Larry Nance Jr. had the contest’s best dunk. This would have rivaled it.

Pelicans owner Tom Benson hospitalized with flu symptoms

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METAIRIE, La. (AP) — New Orleans Saints and Pelicans Owner Tom Benson has been hospitalized with flu symptoms.

A statement released Wednesday by the NFL and NBA clubs says their 90-year-old owner is resting comfortably at Ochsner Medical Center, a hospital which also serves as a major sponsor and which owns naming rights to the teams’ training headquarters.

Benson has owned the New Orleans Saints since 1985 and bought the New Orleans Pelicans in 2012.

In recent years, Benson has overhauled his estate plan so that his third wife, Gayle, would be first in line to inherit control of the two major professional franchises.

 

Report: Seattle hosting Kings-Warriors preseason game

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Kevin Durant spent his rookie season in Seattle, before the SuperSonics moved to Oklahoma City and became the Thunder. He has said Seattle fans deserved to see him grow up in the NBA after supporting his promising start.

They’ll get their chance.

Ailene Voisin of The Sacramento Bee:

The Kings and Golden State Warriors have scheduled a preseason game next season in Seattle, according to multiple league sources.

The Oct. 6 meeting between Northern California teams will be the first NBA game in the Key Arena since the Sonics moved to Oklahoma City after the 2007-08 season and became the Thunder.

This game will be loaded with storylines. Not only Durant, but the Kings considered moving to Seattle a few years ago. And of course, the return of NBA basketball to Seattle.

At some point, Seattle will get its own team again. For now, this preseason game creates intrigue there.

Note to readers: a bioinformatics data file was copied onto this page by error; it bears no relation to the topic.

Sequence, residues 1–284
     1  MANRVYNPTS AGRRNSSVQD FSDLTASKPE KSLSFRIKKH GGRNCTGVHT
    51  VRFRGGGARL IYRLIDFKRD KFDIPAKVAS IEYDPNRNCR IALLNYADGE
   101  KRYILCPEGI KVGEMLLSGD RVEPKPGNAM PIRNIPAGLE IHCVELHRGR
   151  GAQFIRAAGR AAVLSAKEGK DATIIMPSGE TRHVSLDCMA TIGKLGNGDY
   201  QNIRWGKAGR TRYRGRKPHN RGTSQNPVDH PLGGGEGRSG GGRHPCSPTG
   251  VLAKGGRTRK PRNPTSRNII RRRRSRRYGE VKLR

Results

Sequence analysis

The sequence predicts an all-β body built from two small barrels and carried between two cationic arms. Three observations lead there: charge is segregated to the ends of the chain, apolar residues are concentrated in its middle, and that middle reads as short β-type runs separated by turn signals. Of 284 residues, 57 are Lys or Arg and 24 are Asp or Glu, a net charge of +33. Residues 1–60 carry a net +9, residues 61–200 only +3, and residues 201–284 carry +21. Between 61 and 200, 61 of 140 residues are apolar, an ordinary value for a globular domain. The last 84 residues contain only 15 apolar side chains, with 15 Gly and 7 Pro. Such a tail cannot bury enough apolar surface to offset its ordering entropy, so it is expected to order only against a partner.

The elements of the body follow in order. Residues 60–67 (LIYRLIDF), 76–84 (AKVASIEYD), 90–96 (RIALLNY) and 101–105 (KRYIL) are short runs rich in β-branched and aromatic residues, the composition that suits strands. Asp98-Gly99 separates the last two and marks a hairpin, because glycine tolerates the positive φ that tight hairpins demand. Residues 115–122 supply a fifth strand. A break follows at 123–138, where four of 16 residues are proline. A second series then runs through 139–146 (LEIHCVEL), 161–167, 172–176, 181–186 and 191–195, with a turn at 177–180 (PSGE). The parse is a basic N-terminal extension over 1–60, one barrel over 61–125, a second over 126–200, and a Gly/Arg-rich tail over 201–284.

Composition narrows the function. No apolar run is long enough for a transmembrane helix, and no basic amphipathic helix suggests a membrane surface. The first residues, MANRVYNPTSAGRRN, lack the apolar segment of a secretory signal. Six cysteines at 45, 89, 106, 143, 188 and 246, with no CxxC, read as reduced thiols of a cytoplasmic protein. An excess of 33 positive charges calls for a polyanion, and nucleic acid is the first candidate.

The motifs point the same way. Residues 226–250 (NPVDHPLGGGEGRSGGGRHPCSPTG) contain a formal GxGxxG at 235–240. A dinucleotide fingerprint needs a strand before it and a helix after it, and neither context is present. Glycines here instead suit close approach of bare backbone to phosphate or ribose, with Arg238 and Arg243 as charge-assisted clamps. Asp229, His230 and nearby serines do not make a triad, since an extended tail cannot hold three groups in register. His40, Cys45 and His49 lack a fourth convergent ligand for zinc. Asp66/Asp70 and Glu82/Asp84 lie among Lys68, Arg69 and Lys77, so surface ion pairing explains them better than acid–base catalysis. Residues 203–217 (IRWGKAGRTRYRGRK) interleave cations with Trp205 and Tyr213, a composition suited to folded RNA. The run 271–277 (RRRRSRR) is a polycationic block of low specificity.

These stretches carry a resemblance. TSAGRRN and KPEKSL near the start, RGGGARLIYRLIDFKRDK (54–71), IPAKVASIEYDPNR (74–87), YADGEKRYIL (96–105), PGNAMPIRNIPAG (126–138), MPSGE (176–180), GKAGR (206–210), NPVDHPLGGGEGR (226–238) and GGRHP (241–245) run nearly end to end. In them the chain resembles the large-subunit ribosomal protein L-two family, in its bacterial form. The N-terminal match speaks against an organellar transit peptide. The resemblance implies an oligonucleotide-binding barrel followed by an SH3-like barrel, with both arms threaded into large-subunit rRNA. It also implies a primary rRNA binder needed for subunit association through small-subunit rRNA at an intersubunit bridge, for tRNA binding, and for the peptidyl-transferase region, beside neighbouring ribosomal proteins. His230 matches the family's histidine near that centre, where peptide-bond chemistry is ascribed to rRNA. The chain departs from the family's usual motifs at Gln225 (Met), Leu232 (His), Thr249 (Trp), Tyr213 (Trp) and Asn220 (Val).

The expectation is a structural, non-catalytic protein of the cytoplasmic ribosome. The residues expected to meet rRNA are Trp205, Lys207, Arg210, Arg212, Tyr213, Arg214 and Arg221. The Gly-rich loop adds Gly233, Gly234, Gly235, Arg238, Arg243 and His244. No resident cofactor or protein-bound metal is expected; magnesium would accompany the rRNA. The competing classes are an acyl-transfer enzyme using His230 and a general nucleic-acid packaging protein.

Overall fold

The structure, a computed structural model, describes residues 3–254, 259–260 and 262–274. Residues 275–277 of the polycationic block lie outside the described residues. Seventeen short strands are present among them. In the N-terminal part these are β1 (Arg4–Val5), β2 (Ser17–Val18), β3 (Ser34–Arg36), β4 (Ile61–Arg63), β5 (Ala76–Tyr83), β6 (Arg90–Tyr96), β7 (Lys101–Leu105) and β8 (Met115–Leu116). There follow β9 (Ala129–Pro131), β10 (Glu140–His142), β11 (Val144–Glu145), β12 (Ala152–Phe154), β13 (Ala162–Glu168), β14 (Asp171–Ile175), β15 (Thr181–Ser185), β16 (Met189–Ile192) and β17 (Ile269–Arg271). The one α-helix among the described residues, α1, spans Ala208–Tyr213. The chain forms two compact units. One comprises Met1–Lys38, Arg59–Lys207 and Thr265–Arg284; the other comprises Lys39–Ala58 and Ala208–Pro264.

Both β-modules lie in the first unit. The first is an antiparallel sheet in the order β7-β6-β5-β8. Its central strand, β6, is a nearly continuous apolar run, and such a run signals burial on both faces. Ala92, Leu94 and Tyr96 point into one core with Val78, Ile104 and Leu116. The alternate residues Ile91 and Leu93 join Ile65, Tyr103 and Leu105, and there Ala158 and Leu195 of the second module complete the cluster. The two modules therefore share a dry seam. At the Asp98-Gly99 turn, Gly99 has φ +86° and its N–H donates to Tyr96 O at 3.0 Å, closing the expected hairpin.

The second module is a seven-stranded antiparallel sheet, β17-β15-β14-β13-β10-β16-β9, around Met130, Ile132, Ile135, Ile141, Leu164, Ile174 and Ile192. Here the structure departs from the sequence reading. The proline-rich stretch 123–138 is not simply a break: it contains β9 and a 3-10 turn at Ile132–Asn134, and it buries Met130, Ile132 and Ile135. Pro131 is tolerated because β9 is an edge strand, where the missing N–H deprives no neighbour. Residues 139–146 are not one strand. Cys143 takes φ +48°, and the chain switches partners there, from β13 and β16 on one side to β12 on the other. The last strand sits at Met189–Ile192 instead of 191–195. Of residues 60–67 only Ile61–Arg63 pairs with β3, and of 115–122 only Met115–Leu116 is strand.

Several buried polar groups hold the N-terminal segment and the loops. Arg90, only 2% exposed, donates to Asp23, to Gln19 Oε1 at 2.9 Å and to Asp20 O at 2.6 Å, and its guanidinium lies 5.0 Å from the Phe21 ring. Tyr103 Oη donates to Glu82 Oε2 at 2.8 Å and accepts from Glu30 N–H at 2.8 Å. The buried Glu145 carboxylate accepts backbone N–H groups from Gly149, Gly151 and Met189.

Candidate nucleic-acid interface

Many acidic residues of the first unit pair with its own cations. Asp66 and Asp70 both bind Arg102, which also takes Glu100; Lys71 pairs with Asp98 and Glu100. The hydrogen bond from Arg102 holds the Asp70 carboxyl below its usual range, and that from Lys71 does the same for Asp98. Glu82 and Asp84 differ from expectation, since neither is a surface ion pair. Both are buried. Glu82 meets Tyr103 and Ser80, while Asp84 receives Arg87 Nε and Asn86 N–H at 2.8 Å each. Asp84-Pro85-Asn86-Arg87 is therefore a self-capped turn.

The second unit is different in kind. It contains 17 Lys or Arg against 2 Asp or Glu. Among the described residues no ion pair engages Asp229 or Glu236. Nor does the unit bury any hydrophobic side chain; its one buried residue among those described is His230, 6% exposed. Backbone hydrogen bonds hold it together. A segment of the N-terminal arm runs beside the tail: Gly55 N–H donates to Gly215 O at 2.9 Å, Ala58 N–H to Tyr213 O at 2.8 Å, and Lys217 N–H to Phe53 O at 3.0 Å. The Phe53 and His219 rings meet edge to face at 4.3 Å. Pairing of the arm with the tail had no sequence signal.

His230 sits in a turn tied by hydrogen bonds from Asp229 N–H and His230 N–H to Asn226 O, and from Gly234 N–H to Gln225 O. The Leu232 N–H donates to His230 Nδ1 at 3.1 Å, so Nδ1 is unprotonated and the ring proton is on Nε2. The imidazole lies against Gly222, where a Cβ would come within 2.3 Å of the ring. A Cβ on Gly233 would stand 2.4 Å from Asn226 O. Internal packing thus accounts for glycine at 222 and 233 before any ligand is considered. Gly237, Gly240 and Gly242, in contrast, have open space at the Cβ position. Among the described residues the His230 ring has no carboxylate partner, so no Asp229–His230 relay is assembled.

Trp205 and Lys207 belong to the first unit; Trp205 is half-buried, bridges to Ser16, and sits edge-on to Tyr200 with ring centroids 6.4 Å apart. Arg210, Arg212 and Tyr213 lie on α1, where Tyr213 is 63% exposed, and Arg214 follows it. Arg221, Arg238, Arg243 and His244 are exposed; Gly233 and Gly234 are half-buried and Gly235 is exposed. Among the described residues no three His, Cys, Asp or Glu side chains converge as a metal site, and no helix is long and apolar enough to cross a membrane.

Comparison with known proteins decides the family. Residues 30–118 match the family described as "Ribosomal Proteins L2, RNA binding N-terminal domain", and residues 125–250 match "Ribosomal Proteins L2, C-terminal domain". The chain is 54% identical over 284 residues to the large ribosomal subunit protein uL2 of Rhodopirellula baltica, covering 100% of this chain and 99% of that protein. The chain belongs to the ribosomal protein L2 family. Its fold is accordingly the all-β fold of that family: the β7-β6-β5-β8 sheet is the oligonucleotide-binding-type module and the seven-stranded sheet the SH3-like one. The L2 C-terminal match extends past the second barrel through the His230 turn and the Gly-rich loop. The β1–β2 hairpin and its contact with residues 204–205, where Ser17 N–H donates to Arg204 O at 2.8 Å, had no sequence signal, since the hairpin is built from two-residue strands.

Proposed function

Report: Kawhi Leonard cleared medically, seeking second opinion

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Spurs coach Gregg Popovich said he’d be surprised if Kawhi Leonard played again this season, a stark reversal from just a month ago. Back then, even while announcing Leonard was out indefinitely with a quad injury, the San Antonio coach said Leonard wouldn’t miss the rest of the season.

What’s going on?

Adrian Wojnarowski of ESPN:

After spending 10 days before the All-Star break in New York consulting with a specialist to gather a second opinion on his right quad injury, All-NBA forward Kawhi Leonard bears the burden of determining when he’s prepared to play again, sources told ESPN.

Leonard has been medically cleared to return from the right quad tendinopathy injury, but since shutting down a nine-game return to the Spurs that ended Jan. 13, he has elected against returning to the active roster, sources said.

The uncertainty surrounding this season — and Leonard’s future which could include free agency in the summer of 2019 — has inspired a palpable stress around the organization, league sources said.

At first glance, this sounds like Derrick Rose five years ago. Even after he was cleared to play following a torn ACL, the then-Bulls star remained mysterious about when he’d suit up. His confidence in his physical abilities seemed to be a major issue, and he was never the same player since (suffering more leg injuries).

But the Spurs famously favor resting players to preserve long-term health. They seem unlikely to rush back Leonard. They might even sit players who want to play more often. And Leonard isn’t Rose.

Still, it’s clear something is amiss in San Antonio. Maybe not amiss enough to end Leonard’s tenure there, but the longer this lingers, the more time for tension to percolate.